Feature Story | 8-May-2023

Chat GPT: “A small step for research but a giant leap for utility”

Linköping University

Artificial intelligence is on many people’s lips thanks to Chat GPT. But is the new technology a threat or an opportunity? Or is it both? AI researcher Fredrik Heintz sees great opportunities but also challenges.

Chat GPT – the powerful AI-driven chatbot revolutionising communication. Trained by OpenAI, Chat GPT offers fast and reliable answers to questions about a broad spectrum of subjects. With its natural language processing ability and enormous data set, Chat GPT is the ultimate tool for simplifying communication and increasing productivity.

The above paragraph was written by Chat GPT when prompted to write an introductory text about itself. Maybe not a masterpiece, but still understandable. Is it tempting for a writer to have the chatbot write the rest of the text? Well, that is not going to happen… this time.

The beta version of Chat GPT was released in November 2022. It is, as already mentioned, a chatbot run by artificial intelligence – AI. The results generated are in many cases astonishingly good and have fascinated many in such a short time. After only just over a week, Chat GPT had more than a million users.

With earlier versions of chatbots there was no doubt that your questions were being answered by a computer. Its limitations when it comes to natural language processing and its inability to adapt its replies to the context have been obvious. But Chat GPT blurs the lines between human and machine, for better or worse.

Fredrik Heintz is one of Sweden’s most prominent researchers in AI and the coordinator of the TAILOR project, which aims to build the capacity to provide the scientific foundations for trustworthy AI across the EU. 

“There are quite a lot of interesting things in the texts it produces, and it manages to extract a lot from the source material, which could provide new insights. At the same time, it can’t tell the difference between nonsense and what makes sense,” he says.

Chat GPT is trained with deep neural networks on enormous data sets to provide answers that are as general and accurate as possible. The model has processed approximately 500 billion concepts from books, web archives and Wikipedia. To fine-tune its answers, it is trained by humans. It also uses self-learning to get better and better – a working method long used in AI research.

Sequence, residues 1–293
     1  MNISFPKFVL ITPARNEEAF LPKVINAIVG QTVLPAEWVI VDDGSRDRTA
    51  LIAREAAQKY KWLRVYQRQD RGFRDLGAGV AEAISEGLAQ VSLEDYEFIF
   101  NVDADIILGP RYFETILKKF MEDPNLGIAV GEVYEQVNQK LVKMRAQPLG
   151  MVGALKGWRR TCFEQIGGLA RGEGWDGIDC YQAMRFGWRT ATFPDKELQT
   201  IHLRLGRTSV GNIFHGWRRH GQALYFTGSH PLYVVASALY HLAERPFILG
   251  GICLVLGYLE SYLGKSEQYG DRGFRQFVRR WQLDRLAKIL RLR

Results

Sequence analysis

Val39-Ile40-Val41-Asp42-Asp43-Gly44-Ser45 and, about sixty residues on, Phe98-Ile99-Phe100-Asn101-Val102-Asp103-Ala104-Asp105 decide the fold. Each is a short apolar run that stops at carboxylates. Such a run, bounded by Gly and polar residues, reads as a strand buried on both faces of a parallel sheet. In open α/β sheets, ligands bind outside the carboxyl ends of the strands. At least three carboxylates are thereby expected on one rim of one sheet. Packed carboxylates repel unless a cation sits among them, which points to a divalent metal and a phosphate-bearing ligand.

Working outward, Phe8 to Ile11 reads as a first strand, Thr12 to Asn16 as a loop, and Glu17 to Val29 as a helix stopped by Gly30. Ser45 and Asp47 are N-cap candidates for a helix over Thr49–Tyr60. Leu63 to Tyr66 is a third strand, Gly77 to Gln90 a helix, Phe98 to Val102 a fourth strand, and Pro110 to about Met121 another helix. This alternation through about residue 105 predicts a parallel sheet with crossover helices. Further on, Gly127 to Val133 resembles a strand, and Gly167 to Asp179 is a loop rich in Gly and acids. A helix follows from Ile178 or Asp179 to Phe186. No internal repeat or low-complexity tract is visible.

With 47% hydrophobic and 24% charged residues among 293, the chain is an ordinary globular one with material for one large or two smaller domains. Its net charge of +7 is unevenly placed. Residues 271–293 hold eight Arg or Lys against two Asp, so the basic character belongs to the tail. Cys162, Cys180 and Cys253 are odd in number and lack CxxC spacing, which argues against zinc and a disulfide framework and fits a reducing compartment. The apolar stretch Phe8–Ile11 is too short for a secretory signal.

“It’s not really because of any new scientific breakthroughs that Chat GPT works so well. It’s the scale that matters. The more training data, the better the results. I’d say that it’s a small step for research but a giant leap for the utility of AI,” says Fredrik Heintz.

And the utility of Chat GPT seems almost infinite. It can do anything from being a human-like chatbot to coding software, composing music and writing short stories in the style of Joyce Carol Oates or Edgar Allan Poe. 

“Human culture largely consists of text. Chat GPT has been given so much attention because the language it generates has come so much closer to us. Maybe a little too close,” says Fredrik Heintz.

But in addition to writing creative stories, innovative poetry and emotional lyrics it can also write essays, scientific articles and reports. This has made some of us think about how to relate to facts and knowledge. 

Currently existing AI is trained on existing texts and images once created by humans. Most of this material can be found on the web. This is also where the AI generated material will end up. But what happens when we find ourselves in the precarious situation that AI is trained using its own texts? 

Some say that knowledge risks becoming a floating concept when no-one has the tools needed to fact-check AI generated content on the web. But Fredrik Heintz is not that pessimistic. 

“It will be possible to generate new knowledge and find new perspectives on things we already know. Chat GPT can simply provide us humans with new insights,” he says. 

He does, however, see other problems with Chat GPT than the possibility of generating large amounts of content in a short time. This in combination with social media advertising could result in a deluge of tailored messages in our flows. 

He also sees a risk that AI trained on existing online material will be biased against certain cultures, genders and disabilities. Open AI has built-in filters against e.g., homophobia, racism, sexism and ableism. But these filters are currently easy to bypass.

It is therefore important to lay the foundations for reliable and human-centred AI right now. Researchers in the EU TAILOR project have specified three criteria for achieving trustworthy AI: it must comply with laws and regulations, comply with a set of ethical principles and its implementation must be robust and safe. In Fredrik Heintz’ opinion, this entails huge challenges, mainly as concerns compliance with the ethical principles.

“Take fair distribution, for instance – does this mean equal distribution among individuals or that everyone is given the resources they need to get to the same level? These are major long-term issues that will take time to solve. After all, the definition of what is fair has been debated by philosophers and thinkers for hundreds of years.”

Facts: Chat Generative Pre-trained Transformer or Chat GPT is a language model-based AI developed by the US company Open AI.

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